BALTIMORE – The Maryland Insurance Administration (MIA) is reminding consumers to proceed with caution when approached by roofing contractors with unsolicited offers to inspect their roof for damage in order to generate an insurance claim. Too often, these offers are part of a fraud scheme by dishonest contractors who misrepresent wear-and-tear as storm damage or, in some extreme cases, actually damage the roof to create a claim.
“If it sounds too good to be true, it probably is,” said Maryland Insurance Commissioner Kathleen A. Birrane. “We urge people to use common sense and to do their research before allowing a stranger to access their property or pursue an insurance claim on their behalf.”
Recently, a Maryland homeowner found a business card with this message written on the back: “New full roof covered by your insurance due to discontinued shingles. Call for free inspection.” The message was reported to the MIA and the roofing company that left the message is now under investigation by the MIA’s Insurance Fraud and Producer Enforcement Division. This kind of message is misleading and a violation of Maryland insurance law, noted Acting Association Commissioner for Fraud and Enforcement Joe Smith.
Coverage for damage to a roof depends on the cause of the damage and the specific terms of the insurance policy. Insurers are generally not required to pay for the replacement of an entire roof unless the entire roof is damaged by a covered cause of loss -- even if the shingles on the roof are no longer available. Further, homeowners insurance does not pay for roof maintenance or for a roof that has to be replaced because of normal wear-and-tear.
The MIA’s Consumer Education and Advocacy Unit offers the following tips to homeowners:
- Be wary of unsolicited offers to repair your home, particularly if they suggest that your insurer will pay for the repairs.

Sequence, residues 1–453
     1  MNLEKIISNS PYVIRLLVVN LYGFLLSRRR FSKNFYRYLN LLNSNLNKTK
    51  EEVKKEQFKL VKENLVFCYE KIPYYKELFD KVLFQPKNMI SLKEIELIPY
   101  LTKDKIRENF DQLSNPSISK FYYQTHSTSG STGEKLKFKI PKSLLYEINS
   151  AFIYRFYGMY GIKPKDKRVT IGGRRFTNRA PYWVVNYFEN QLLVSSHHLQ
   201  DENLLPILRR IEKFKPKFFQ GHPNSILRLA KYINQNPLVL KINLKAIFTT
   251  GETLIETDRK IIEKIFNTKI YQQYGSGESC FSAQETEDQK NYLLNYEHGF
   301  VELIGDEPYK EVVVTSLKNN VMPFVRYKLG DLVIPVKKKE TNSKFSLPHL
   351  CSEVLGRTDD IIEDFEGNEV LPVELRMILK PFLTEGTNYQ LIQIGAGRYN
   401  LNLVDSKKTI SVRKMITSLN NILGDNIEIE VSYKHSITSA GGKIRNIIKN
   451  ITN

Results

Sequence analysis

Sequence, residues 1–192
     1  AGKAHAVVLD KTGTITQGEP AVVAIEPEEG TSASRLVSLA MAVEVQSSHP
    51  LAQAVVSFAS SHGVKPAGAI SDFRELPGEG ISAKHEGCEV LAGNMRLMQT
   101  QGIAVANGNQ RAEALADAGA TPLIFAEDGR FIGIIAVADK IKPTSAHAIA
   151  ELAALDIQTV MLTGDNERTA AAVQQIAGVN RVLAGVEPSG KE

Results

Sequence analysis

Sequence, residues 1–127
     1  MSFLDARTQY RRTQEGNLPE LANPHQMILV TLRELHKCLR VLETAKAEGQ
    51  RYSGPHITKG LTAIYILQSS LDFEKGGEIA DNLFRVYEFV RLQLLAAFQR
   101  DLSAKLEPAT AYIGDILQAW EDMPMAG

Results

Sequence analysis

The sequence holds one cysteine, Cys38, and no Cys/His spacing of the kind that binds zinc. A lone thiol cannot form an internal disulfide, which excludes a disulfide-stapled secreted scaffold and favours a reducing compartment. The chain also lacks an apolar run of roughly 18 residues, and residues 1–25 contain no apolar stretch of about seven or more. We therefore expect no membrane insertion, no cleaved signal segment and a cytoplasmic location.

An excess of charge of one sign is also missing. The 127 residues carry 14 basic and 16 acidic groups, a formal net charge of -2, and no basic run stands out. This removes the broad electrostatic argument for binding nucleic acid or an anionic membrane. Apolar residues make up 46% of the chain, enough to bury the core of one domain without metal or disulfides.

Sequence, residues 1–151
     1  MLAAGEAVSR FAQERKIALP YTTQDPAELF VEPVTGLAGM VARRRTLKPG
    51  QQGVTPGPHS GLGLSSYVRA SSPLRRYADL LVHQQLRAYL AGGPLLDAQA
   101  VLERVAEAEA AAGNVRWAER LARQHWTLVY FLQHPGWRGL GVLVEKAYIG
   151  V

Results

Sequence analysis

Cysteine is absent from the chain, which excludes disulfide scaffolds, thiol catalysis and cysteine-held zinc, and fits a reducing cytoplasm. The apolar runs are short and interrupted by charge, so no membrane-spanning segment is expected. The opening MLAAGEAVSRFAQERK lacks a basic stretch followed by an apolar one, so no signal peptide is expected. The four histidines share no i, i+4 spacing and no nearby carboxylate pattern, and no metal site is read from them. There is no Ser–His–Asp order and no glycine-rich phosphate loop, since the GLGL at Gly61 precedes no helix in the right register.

- Check out a contractor’s license, credentials, and reputation before you allow them to access your property. Consumers can use the Maryland Home Improvement Commission’s (MHIC) online database to find out if a contractor is licensed in the state, or call the MHIC at 1-888-218-5925. It is also a good idea to ask for references and to check with the Better Business Bureau.
- If a contractor is only interested in identifying and repairing damage that might be covered by insurance, that could be a sign of fraud. An honest contractor lets you know when repairs are needed and how much they cost; making insurance claims are not their primary concern.
- Do not sign a document that purports to “assign” your insurance claim to the contractor. It is illegal for a contractor to submit and negotiate an insurance claim on your behalf; only a licensed public adjuster can do that.
- When you hire an honest contractor, your insurer will work with you and the contractor to determine the scope of the covered damage, the amount payable under your policy, and how the repair costs will be paid.
Consumers are encouraged to report suspected insurance fraud activities to the MIA’s Insurance Fraud Division. You do not need to give your name. Simply call the insurance fraud tip line at 1-800-846-4069, or print and submit the insurance fraud referral form
by mail to the address below. Consumers may also email fraud referrals by sending completed forms to email@example.com
Maryland Insurance Administration
Attn: Maryland Insurance Fraud Division
200 St. Paul Place, Suite 2700
Baltimore, MD 21202
About the Maryland Insurance Administration